But what actions matter most?

There are dozens of lists online that attempt to tell you just that (we have even published them in the past at Project Drawdown). Despite being well-intentioned, almost all of these lists fall short for the same reason: They are one-size-fits-all while humans are not. 

Without knowing who you are, how you live, or what you are unable or unwilling to do, I cannot possibly provide the best climate solution any more than a waiter without consultation could pick your favorite meal off a menu at a restaurant. What I can do, however, and what I attempt to do below, is point out parts of your life where it’s likely that you could be living more sustainably and give you the tools to take stock and take action. 

How You Eat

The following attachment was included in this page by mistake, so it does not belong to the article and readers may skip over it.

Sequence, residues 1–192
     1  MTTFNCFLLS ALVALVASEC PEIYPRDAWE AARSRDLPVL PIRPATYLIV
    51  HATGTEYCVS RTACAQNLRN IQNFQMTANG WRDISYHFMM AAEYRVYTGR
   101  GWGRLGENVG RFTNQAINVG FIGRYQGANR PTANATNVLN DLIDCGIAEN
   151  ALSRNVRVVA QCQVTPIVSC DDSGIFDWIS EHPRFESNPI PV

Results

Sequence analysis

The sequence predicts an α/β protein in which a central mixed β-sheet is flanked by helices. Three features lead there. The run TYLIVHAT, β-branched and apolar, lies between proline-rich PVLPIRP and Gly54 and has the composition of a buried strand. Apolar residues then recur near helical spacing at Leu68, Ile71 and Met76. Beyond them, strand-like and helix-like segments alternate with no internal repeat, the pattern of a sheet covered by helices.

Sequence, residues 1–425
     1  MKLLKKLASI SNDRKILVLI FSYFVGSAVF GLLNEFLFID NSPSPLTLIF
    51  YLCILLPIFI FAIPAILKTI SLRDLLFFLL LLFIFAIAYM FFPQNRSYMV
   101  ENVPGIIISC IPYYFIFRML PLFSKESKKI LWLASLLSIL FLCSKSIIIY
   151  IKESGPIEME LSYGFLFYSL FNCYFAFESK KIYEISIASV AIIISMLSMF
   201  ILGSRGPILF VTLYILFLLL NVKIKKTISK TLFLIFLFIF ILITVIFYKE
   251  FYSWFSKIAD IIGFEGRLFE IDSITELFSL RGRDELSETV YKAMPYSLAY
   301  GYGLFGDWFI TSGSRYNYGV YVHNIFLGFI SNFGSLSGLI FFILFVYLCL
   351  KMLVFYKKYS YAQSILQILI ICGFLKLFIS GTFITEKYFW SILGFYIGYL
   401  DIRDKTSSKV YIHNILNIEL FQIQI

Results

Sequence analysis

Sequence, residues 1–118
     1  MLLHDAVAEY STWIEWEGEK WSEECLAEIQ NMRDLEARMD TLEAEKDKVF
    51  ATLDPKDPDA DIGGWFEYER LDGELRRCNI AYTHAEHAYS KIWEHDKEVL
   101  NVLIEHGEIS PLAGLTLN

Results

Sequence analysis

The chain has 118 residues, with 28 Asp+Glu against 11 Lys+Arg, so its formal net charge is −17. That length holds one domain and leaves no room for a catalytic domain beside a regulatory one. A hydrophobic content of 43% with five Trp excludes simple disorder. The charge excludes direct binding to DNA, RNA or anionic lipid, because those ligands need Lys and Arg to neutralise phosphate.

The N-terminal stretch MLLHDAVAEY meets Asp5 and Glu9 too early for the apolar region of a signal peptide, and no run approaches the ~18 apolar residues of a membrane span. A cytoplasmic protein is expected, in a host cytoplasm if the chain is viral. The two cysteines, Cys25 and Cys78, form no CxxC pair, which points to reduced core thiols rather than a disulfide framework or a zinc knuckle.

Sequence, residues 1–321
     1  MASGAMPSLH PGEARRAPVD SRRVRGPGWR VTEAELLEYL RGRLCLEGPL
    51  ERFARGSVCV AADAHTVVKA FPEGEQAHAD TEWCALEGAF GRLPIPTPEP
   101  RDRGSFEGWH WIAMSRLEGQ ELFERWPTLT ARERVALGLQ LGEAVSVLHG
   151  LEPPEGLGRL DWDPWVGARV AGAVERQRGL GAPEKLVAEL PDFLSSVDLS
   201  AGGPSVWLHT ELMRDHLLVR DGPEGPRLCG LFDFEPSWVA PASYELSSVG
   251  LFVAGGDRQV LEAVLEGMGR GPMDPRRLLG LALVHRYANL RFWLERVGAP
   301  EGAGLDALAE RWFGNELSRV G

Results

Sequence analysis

What we eat and how we grow it has a major impact on the environment. Agriculture – and animal agriculture, in particular – shapes the landscapes, water resources, ecosystems, and climate we depend on. In all, agriculture uses about 37% of our planet’s land, drives 70% of our freshwater use, and produces about one-quarter to one-third of our greenhouse gas emissions. 

A graph showing the greenhouse gas emissions of various foods

Almost as important as the food we eat, however, is the food we waste. Globally, roughly 30-40% of the food we produce is never eaten and is lost somewhere between farm and fork. Not only does this waste all of the embedded carbon emissions – those emitted to grow, ship, and store the food – but when that food waste breaks down in landfills it releases methane, a potent greenhouse gas that is a major contributor to climate change. 

So what are some ways to reduce the impact of our food choices?

Take Stock